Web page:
By the way, there’s nothing more irritating than seeing a “BOGO” sale advertised, only to read the fine print that the deal is buy one and get some percentage off the second one. That’s not a real BOGO. That’s what I call a faux BOGO. Don’t even bother me with a faux BOGO.

But I digress.

Other contingency management sales techniques might be the reward of a free sub sandwich after you buy five regularly priced subs.

The point is, we participate in CM deals all the time, but usually the behavior desired of us is buying products or services. For treatment of substance use disorders, the desired behaviors might be attending counseling sessions or ceasing drug use to produce negative drug screens. Progress towards those goals are rewarded in some way with CM.

I’d like to start our groups again, and for every three-hour session attended, each person gets a draw from a fishbowl. The fishbowl might contain any number of rewards: gas card for $10, coupon for a sandwich at a local restaurant, a card with positive affirmations, or something similar. The possibilities are endless. Perhaps local businesses could donate goods or services in exchange for some free advertising, or just to do something nice for people who are trying to achieve recovery from substance use disorders.

Twelve-step meetings have been using a type of CM for decades: group members get chips or key tags for achieving days in recovery: they have these for one day, thirty days, sixty days, ninety days, six months, nine months, and one year and multiple of years. The chips or tags themselves are worth very little, but the value of being recognized for achievement in recovery can be important, especially when the recognition is given by people who understand how difficult recovery is.

Some of our patients don’t get the recognition they should for their achievements in recovery from friends or family. Maybe CM is a great way to acknowledge that achieving little goals is a big deal.

Buprenorphine Can Reverse Methadone Overdose

 

 

 

In the February 2020 issue of Critical Care, Zamani et al. described a trial of the use of buprenorphine to reverse methadone overdose. This was only a pilot study, with a relatively small number of subjects. The study found intravenous buprenorphine appears to be safe and effective for use in people who have had an opioid overdose.

This study randomized 85 patients with respiratory depression from methadone; 56 received buprenorphine and 29 received naloxone. One person out of each group failed to respond to the medication given.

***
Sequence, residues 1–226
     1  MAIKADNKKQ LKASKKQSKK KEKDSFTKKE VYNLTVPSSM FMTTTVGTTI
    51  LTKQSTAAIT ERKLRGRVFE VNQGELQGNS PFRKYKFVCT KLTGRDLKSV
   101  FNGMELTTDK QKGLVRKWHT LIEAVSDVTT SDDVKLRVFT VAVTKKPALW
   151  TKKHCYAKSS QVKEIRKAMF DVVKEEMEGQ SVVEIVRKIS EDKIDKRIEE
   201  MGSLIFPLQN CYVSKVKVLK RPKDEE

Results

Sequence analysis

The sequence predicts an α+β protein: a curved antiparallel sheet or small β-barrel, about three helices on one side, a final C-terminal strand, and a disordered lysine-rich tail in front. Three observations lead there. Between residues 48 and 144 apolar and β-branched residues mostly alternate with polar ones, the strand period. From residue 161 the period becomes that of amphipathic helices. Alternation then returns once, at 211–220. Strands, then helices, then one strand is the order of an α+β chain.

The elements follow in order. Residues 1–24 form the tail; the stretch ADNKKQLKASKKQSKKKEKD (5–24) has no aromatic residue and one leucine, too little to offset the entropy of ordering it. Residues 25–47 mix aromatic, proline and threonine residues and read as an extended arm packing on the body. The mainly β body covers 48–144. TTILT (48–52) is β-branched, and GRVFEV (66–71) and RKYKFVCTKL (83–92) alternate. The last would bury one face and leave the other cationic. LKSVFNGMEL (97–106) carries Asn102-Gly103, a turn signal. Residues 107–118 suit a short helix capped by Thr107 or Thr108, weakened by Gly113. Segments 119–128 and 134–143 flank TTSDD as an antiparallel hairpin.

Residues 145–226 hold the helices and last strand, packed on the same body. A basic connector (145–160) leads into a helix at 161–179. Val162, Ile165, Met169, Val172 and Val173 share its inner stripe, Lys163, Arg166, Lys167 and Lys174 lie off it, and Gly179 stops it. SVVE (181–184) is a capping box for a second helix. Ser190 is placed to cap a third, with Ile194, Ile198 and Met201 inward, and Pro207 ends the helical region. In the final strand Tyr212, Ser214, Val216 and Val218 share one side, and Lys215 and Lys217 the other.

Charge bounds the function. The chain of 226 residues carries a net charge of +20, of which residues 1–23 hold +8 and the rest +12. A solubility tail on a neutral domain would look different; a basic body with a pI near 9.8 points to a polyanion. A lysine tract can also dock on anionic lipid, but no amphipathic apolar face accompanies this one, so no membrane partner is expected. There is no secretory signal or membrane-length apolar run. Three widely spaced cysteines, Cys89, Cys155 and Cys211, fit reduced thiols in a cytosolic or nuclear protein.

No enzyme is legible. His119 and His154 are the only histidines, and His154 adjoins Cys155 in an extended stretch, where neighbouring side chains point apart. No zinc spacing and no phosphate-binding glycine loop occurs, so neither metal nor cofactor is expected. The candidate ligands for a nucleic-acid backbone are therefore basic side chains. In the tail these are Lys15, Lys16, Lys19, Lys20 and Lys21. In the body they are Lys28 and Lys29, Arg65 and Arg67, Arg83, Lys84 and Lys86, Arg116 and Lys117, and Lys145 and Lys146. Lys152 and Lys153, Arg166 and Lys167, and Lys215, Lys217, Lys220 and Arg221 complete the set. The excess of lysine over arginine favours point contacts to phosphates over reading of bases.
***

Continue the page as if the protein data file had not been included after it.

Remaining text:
Fewer patients had to be intubated in the buprenorphine group, and fewer had precipitated withdrawal compared to the patients randomized to naloxone. None of the patients in the buprenorphine group died or had serious complications.

This study was done in a busy emergency department of an Iranian hospital that treats up to 28,000 poisonings annually. The protocol was only for patients who had overdosed on methadone, and they had to meet certain criteria, such a low blood oxygen level and low respiratory rate.

The patients in the naloxone group received from .04mg to 2mg intravenously depending on the rate of respirations, and re-dosed at 2-3-minute intervals. Once the patient responded, they were placed on a naloxone intravenous drip.

Patients in the buprenorphine group were further randomized to two doses; one group was given 10micrograms per kilogram intravenously over 6-9 minutes, and the other group was randomized to 15micrograms per kilogram intravenously over the same rate.

For all three groups, if treatment failed to reverse the overdose, the patient was intubated, and the treatment counted as a failure.

This is a fascinating study and lends support for the use of buprenorphine for opioid overdoses.

In this study, the buprenorphine was administered intravenously, but I’ve heard patients tell me it works sublingually. Over the past five years or so I’ve had two patients tell me – and this is third hand information, but still – they know of a person who had overdosed on opioids and someone on site had sublingual buprenorphine. They placed the buprenorphine in the unconscious person’s mouth, under the tongue, and they regained consciousness some minutes later. At the time, I marveled at the creativity of whoever thought to use that buprenorphine. Of course, they also called 911.

If I had both medications available to me, I’d still use the naloxone because of its proven efficacy, but this study hints that buprenorphine could possibly be of use too.

If naloxone can’t be obtained within a few minutes, placing buprenorphine under the tongue of the overdose victim could provide some benefit, in addition to rescue breathing and calling 911.

Just as a reminder to my readers, people who inject heroin or other opioids should use harm reduction ideas to reduce risk. These include:

-Don’t use alone. Use with someone present so that they can call for help or deliver naloxone if needed.